There is opportunity in risk
Head of institutional client business, EMEA
The QE effect on markets is well documented, and it is unsurprising that as markets have lifted, passive investing has become de rigueur. However, alpha is time varying in that there are times when the opportunity set is greater than others. We believe now is such a time for investors to focus on being more active.
With QE’s rising tide floating all boats, the resulting asset price inflation, yield compression, and volatility dampening we have witnessed have reduced the alpha opportunity. Now, in an asynchronous world where liquidity is starting to drain away (or there is the prospect of that) and economic, business and monetary policy cycles appear out of sync, we believe this is an environment that will yield winners and losers. For the skilled manager, that means opportunity.
Notably, 2015 was generally a better year for stock pickers, and the slight pickup we have seen in cross-sectional volatility means there have been some clear momentum trades to be the right side of in the last year. As a result, many active managers have done materially better than in past years. Investors looking back at the last year with muted beta returns, while their active manager has delivered several hundred basis points above benchmark, may be rather pleased in the low-return environment that we are in.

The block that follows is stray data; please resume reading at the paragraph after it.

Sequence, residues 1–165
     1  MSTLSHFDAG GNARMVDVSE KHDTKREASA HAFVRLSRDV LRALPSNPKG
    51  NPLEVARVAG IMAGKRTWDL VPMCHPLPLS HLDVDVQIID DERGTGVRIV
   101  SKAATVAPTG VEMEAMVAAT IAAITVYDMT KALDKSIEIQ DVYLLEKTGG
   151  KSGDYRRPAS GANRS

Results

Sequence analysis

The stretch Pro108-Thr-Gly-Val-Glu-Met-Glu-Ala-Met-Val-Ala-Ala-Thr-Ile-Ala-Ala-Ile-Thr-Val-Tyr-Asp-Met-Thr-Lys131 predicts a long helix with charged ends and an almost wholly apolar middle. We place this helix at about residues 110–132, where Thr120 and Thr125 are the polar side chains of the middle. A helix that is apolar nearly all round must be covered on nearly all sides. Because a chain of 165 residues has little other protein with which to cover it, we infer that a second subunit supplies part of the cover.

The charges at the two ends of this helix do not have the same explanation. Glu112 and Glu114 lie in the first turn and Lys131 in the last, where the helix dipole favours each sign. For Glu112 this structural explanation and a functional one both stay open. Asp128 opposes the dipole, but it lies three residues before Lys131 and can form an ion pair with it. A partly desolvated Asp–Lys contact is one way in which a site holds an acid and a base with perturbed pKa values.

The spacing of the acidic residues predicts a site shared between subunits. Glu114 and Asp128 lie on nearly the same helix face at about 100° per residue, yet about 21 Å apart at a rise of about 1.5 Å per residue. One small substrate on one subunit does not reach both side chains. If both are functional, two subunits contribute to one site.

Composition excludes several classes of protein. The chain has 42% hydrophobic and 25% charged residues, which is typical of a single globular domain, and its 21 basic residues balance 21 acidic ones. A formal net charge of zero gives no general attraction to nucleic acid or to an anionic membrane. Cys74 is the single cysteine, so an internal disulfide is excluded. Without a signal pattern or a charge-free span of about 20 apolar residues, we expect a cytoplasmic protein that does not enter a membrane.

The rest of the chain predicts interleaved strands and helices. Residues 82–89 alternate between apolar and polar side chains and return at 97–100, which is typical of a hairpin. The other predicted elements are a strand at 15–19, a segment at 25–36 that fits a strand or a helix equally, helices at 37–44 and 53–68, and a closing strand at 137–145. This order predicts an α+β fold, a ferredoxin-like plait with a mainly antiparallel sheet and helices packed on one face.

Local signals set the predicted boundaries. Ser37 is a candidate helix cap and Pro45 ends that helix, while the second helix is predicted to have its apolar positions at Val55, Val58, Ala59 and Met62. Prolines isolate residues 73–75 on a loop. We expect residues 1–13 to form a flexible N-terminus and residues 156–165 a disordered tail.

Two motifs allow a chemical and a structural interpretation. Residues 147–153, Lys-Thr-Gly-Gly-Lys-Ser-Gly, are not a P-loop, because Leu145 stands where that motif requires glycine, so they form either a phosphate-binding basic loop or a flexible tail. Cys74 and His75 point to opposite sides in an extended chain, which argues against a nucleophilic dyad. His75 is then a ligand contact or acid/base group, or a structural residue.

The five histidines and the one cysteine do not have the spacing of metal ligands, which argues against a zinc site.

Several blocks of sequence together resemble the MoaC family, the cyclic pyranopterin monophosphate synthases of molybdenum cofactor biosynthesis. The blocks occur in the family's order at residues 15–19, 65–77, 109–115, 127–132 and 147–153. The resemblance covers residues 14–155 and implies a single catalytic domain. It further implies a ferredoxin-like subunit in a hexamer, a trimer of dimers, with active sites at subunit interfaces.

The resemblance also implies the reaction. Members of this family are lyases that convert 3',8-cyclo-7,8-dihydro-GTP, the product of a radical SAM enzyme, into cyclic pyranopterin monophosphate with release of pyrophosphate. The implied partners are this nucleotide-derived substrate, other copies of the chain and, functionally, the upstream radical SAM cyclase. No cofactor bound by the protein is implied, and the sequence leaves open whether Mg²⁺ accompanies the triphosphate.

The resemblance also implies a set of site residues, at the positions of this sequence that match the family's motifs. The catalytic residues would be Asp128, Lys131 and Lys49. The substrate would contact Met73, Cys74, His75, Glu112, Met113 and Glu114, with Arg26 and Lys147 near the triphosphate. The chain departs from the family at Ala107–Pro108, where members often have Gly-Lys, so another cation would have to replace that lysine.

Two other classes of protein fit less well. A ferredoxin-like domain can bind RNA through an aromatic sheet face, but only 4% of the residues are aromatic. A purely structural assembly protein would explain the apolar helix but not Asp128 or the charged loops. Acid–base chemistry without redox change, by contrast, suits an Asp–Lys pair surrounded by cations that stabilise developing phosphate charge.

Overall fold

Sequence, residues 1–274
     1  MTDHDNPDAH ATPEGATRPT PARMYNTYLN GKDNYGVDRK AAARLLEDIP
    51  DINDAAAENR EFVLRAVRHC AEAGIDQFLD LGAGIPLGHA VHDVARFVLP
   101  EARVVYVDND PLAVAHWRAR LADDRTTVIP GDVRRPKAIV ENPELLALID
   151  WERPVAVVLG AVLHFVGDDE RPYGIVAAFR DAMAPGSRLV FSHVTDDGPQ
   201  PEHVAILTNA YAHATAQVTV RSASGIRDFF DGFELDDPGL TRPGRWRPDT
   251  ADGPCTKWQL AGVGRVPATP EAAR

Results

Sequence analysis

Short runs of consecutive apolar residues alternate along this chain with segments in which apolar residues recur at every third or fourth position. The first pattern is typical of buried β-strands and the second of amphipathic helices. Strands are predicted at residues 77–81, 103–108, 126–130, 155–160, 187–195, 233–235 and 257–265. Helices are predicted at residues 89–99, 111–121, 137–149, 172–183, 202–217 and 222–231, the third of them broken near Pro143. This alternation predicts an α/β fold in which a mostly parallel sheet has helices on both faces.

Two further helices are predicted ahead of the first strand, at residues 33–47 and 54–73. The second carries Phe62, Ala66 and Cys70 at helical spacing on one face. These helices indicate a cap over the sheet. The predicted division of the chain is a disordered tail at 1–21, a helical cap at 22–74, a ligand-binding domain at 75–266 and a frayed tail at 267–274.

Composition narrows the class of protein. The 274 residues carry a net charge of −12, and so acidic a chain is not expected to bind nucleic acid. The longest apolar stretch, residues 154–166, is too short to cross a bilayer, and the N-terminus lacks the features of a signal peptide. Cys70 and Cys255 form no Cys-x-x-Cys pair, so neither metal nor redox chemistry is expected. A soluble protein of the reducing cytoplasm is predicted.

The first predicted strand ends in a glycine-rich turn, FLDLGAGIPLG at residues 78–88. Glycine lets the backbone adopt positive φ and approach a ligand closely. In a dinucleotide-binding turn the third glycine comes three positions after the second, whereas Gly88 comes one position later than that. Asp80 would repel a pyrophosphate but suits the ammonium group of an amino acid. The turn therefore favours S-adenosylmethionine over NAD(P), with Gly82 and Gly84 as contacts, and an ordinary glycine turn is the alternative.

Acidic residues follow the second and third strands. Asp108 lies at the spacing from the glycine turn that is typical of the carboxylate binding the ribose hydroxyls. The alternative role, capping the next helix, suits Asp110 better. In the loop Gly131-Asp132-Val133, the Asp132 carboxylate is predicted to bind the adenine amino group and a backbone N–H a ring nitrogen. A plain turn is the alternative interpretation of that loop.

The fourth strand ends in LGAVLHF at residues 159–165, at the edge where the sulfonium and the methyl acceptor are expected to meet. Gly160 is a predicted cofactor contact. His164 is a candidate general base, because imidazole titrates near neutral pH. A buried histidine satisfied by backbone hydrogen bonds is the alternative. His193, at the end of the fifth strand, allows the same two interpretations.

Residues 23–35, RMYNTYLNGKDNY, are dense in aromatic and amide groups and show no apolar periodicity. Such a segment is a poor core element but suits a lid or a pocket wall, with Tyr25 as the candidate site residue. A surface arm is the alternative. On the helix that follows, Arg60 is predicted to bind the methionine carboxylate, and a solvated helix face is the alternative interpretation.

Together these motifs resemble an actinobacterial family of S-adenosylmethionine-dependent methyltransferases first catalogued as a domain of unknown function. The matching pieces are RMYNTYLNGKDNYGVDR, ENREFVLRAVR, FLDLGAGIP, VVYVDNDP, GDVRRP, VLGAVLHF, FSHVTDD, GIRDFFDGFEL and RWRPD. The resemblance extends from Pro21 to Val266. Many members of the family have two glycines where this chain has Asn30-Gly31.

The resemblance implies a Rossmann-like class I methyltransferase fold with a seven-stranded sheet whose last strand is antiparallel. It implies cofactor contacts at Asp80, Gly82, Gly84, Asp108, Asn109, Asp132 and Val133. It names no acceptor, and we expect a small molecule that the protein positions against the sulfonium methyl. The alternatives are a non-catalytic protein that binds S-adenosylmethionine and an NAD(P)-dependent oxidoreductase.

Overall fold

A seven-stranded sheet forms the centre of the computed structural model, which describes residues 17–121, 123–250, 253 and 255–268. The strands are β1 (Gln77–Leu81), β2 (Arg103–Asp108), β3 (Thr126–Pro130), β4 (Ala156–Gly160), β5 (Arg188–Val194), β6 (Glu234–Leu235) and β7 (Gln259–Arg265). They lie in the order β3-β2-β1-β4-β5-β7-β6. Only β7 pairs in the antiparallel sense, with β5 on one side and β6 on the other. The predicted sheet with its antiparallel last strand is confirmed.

Sure, investors can get efficient exposures through traditional passive strategies and poor due diligence in manager selection risks exposure to ‘index-plus-one’ strategies. The opportunity to make money today is in more aggressive or innovative strategies – from quantitative strategies that are delivering 300 basis points above benchmarks, traditional fundamental-focused equity approaches, through to unconstrained fixed income funds that may not be linked to a traditional benchmark. Alternative investments can play a critical part too, in diversification, and active asset allocation to this arena is important.